• 2009: Malware Targeting iPhones

In 2009, the Ikee malware was developed to target Apple’s iPhone. It was distributed by means of SSH connections between jailbroken Apple devices. Users were vulnerable if they had failed to change their default passwords after installing SSH. Ikee did nothing malicious other than merely changing the infected iPhone’s wallpaper to a photo of singer Rick Astley, and then searched other vulnerable iPhones on the mobile network to infect. Nonetheless, it was a powerful demonstration that malware protection is necessary across every device, even Apple’s devices.

  • 2010: Following the Money—More Efficiently

2010 was a major turning point in the evolution of mobile threats: mobile attackers transitioned from random individuals to more organized, widespread attackers operating without geographical limits. From 2010 on, malware detection experts started seeing an explosion of cybercriminals working to generate money by exploiting vulnerabilities in mobile platforms.
A notable example is Zitmo (Zeus-in-the-mobile), which was a malicious Trojan horse capable of migrating from a PC environment and into a mobile environment, leading to massive losses by online banking customers. Zitmo stole transaction authorization numbers, thus evading the essential security processes.

  • 2011: Android Attacks Intensifying

As Android domination of the smartphone market increased (it was reported in August 2011 that Android controlled nearly 50 percent of the smartphone market share in the world), cybercriminals also saw the potential it offered. The attacks on Android platform intensified, especially with the development of more powerful malware. For example, the Trojan DroidDream was discovered in Google Play in 2011. The dangerous Trojan infected more than 50 apps with thousands of downloads, leading to sensitive user information being sent to third parties, and sneakily installing other unauthorized apps on the infected device. As a protection strategy, Google removed the affected apps from its store.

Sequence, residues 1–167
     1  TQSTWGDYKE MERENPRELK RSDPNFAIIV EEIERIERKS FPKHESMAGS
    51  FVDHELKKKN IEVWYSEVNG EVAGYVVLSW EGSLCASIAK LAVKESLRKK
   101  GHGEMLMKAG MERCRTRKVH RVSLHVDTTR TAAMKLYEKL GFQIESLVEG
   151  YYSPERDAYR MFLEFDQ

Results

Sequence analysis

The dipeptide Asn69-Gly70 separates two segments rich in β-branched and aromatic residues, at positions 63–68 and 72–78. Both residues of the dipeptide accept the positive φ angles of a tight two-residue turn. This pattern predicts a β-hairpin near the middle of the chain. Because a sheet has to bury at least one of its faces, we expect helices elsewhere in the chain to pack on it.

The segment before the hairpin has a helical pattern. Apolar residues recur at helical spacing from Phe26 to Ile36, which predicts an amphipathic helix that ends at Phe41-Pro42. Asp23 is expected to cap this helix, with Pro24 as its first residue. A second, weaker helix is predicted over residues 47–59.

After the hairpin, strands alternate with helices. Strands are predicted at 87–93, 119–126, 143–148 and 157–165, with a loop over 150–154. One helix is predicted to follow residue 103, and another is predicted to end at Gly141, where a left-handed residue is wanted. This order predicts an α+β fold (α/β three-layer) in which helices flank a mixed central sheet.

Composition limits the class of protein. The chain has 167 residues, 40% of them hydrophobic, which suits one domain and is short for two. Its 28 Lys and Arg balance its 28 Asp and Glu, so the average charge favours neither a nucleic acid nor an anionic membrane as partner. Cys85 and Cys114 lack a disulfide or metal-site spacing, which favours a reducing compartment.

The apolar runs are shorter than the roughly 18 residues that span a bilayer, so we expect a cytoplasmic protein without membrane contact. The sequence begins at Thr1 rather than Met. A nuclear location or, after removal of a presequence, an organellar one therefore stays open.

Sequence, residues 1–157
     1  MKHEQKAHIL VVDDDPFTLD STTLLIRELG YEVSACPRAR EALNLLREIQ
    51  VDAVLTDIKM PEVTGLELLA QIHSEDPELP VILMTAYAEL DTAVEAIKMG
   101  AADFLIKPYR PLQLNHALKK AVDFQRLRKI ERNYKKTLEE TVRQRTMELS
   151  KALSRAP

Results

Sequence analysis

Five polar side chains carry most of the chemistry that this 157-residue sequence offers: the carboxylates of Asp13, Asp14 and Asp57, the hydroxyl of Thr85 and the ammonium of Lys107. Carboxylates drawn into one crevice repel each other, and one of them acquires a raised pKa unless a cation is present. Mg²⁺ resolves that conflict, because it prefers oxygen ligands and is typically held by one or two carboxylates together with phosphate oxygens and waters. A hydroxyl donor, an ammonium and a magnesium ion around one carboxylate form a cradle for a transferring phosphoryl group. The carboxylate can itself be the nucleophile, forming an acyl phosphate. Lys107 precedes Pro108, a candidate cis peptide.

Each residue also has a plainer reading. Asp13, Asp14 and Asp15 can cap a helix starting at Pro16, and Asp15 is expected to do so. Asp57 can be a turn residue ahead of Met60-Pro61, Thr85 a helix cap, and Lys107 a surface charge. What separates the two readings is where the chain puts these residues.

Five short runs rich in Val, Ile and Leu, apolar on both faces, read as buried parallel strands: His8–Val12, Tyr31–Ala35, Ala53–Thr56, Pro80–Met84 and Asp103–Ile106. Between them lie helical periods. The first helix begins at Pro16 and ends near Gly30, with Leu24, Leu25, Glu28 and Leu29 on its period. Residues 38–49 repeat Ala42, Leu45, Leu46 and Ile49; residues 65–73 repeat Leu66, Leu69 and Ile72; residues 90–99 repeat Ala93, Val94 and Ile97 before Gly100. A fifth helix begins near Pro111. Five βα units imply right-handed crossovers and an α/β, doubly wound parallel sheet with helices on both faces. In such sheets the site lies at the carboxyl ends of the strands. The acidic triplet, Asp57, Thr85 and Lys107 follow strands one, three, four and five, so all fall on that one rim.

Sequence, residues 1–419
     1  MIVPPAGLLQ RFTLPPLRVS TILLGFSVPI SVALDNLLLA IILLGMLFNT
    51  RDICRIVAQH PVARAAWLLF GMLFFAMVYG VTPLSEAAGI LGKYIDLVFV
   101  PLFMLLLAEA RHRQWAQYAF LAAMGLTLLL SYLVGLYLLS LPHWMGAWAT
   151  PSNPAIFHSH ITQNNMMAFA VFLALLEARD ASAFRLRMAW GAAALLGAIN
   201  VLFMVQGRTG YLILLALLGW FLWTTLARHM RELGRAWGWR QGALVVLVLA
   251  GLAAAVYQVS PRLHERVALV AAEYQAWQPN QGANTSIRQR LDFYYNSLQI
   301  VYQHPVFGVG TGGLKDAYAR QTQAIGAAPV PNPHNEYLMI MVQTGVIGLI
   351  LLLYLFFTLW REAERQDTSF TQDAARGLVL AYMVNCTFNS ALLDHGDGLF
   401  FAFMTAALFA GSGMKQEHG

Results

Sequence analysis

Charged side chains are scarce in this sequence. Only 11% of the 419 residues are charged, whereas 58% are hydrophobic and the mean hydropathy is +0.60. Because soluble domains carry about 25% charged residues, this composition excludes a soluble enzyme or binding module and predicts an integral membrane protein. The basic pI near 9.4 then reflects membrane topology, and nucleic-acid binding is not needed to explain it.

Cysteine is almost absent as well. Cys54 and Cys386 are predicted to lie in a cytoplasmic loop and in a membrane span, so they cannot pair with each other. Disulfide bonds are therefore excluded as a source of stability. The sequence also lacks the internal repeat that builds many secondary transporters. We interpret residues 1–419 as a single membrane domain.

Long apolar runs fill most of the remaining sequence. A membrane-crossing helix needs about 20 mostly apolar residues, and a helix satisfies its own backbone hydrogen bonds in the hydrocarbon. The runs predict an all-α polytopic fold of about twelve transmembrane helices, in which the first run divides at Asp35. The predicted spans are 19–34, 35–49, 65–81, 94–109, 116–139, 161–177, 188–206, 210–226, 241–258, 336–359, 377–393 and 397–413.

• 2012: Game On (Especially on Android)

Cybercriminals continued to wage their attacks on the Android operating system. For example, in 2012, another SMS Trojan called Boxer burrowed into Android, and generated profits to fraudsters by sending premium-rate SMS messages. Boxer was prevalent in 63 countries, where it took advantage of MCC (Mobile Country Code) and MNC (Mobile Network Code) from the infected mobile phones to send an SMS that propagated itself, and charged users premium rates.